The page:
Film & TV

Documentary: Dealing with Human Beings

Werner Herzog

Lesson time 11:32 min

There are lines you should not cross. Learn from Werner's experiences filming Grizzly Man and Into the Abyss, and how to get to the heart of your subject quickly.

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Werner Herzog
Teaches Filmmaking
In 6 hours of video lessons, Werner Herzog teaches his uncompromising approach to documentary and feature filmmaking.
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There are no clear rules. Nobody has clear rules ever established. But of course, you have to find the borderlines yourself. And it has to do with your position in the world, and your ethical interior. And you have to really apply it. Maybe for some people, the boundaries are a little bit further back and more advanced in it. But however, I would really respect-- in "Grizzly Man," the person who had been eaten by a grizzly bear is not around anymore. He cannot defend his position. But the ethical boundary-- there's an interesting moment in the film, where I was somehow pushed by both a production company, and the network which was going to show it, and the distribution company to address what was known in public-- that there was a tape of the moment when he was attacked, and eaten, and mauled by the bear, together with his girlfriend, Amie Huguenard. And I said, I'm not so sure whether this should be in the film, but let me address it in the film myself. I filmed myself from behind. This is the moment where I'm listening, and you see me only halfway from behind. I did not want to shoot to be in the film. There should be only my voice. But here-- that's the only moment where I'm actually listening. And we are zeroing in on Jewel Palovak's face. And she reads from my face that this is horrifying. And what I heard is beyond any description. Can you turn it off? You cannot-- you cannot have this in public. [SOBBING QUIETLY] Jewel, you must never listen to this. I know, Werner. I'm never going to. And you must never look at the photos that I've seen at the coroner's office. You do not have in public, for example, people who jumped from the Twin Towers during the attack on 9/11. It was filmed by many amateurs, and you do not publish it. I've never seen it, and it should stay undercover. You do not need to see it. And what I do here-- in the shock of the moment, I advise her, you should rather destroy this. Never listen to it. And she slept over it. My advice was really stupid, and she was much more prudent. She just separated herself from that tape and put it in a bank safety deposit vault. There is such a thing as a dignity in the privacy of your own death. And there's certain things that are untouchable. You just don't even think about it. You have to have it in you. And if you don't have to have it in you, you shouldn't make films. [MUSIC PLAYING] If I can't turn around a person who is unwilling, of course, you have to accept it. But sometimes, in my films-- "Into the Abyss,"-- there's the father of one of the two murderers-- Delbert Burkett. And he's also incarcerated, and pretty much for life. And he knows it. And he steps in front of the camera. And I ask him very quickly, very painful questions. And he says, you know what? I can't really talk about it. I can't real...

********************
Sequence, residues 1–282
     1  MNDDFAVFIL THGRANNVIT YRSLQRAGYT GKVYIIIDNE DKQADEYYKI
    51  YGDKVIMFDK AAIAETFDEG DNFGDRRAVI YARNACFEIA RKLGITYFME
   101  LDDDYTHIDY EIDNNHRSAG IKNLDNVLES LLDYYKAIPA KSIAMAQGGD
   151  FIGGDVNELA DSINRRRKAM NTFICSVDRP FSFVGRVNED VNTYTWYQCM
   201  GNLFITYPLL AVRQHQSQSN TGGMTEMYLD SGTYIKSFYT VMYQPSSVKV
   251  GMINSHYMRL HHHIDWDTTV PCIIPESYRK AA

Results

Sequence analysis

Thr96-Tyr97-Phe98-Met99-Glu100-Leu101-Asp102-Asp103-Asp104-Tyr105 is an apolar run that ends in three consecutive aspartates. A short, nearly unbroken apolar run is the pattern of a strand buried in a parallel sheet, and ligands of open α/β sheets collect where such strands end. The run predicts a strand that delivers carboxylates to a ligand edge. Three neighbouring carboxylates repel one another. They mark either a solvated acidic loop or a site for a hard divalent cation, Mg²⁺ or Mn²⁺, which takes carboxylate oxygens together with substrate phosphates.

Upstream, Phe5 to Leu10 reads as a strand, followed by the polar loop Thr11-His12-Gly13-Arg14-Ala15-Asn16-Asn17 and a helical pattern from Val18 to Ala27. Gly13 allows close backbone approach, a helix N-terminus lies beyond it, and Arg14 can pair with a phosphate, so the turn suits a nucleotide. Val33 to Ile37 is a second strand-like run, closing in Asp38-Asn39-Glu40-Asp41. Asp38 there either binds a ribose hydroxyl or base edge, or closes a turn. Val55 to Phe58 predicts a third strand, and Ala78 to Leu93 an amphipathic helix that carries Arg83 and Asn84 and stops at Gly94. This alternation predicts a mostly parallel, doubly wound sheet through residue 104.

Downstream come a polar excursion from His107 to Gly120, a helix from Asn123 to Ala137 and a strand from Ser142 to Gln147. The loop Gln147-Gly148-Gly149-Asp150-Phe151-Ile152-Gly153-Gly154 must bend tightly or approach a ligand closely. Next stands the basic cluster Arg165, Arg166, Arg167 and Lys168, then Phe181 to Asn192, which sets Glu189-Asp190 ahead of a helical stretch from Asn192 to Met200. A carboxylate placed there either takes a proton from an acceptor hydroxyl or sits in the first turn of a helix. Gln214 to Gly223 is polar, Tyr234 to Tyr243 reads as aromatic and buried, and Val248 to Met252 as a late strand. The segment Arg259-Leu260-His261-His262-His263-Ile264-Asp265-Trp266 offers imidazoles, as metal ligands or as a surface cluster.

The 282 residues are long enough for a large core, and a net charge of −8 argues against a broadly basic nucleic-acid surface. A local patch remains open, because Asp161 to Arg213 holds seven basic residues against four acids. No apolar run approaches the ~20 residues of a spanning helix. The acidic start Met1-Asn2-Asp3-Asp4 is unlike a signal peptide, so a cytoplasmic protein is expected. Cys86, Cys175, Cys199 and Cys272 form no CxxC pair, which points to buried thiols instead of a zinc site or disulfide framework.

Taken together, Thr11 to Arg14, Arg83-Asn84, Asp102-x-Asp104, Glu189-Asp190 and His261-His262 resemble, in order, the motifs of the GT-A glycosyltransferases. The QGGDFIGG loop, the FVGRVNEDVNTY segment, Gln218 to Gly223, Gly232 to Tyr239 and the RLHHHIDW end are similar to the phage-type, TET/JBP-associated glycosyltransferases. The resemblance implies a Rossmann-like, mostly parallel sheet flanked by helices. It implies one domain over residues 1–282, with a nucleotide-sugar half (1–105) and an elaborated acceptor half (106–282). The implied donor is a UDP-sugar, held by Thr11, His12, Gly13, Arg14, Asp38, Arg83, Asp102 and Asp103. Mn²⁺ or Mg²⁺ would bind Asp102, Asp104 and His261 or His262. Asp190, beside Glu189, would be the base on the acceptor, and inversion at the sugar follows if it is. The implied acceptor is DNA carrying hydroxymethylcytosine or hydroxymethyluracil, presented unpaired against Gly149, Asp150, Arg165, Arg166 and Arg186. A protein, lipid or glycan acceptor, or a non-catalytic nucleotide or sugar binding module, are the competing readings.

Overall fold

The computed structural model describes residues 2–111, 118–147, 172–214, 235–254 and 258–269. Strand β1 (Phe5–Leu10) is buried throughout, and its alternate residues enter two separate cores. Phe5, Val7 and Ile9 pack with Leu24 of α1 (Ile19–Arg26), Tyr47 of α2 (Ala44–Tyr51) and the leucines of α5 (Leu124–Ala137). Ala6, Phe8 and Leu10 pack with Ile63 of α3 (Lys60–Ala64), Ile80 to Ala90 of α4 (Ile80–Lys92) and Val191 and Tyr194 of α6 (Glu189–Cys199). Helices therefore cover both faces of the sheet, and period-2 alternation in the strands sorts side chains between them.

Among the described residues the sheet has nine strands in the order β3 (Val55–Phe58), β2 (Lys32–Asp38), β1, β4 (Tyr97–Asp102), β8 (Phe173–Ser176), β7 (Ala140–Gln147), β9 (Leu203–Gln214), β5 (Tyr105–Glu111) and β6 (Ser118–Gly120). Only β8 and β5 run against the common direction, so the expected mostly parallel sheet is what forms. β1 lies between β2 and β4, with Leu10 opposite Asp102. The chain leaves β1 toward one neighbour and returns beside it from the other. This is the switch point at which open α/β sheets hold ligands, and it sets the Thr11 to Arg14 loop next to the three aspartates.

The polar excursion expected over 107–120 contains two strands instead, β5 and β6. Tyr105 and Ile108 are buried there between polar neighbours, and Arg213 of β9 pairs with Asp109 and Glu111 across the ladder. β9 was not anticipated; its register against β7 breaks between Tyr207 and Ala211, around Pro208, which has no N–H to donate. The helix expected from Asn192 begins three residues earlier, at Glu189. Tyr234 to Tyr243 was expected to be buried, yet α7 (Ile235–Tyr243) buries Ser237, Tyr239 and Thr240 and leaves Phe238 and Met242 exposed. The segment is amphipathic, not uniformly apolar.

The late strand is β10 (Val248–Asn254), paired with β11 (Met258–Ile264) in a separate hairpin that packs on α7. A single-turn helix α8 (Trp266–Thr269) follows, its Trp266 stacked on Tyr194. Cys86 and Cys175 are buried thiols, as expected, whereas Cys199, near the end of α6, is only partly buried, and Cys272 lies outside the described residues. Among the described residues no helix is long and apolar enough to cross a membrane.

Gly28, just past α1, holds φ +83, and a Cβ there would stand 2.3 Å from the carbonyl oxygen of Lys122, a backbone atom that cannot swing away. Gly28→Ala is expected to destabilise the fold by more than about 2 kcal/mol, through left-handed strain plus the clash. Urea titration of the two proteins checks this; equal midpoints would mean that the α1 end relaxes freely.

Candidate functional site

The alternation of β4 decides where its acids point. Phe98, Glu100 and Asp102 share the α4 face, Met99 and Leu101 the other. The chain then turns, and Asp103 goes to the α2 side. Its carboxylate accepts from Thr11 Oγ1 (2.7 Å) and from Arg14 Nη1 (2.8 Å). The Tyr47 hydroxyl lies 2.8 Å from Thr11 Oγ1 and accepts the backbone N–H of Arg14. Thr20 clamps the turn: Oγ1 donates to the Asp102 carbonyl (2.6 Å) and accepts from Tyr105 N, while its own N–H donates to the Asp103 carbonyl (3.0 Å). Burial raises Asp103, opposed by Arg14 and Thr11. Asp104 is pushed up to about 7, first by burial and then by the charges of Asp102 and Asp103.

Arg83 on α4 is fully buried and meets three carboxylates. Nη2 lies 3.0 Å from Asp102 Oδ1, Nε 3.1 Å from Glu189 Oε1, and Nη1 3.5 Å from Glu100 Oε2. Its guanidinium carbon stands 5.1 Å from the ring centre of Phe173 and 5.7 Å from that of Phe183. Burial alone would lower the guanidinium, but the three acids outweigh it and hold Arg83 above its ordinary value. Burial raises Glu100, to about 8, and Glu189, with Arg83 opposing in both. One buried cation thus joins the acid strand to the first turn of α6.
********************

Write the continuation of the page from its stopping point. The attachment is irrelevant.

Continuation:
Capture the spectacular

When the legendary director Werner Herzog was 19, he stole a camera and made his first movie. 70 films and 50 awards later, Werner is teaching documentary and feature filmmaking. In this film class, you’ll learn storytelling, cinematography, location scouting, self-financing, documentary interview techniques, and how to bring your ideas to life. By the end, you’ll make uncompromising movies.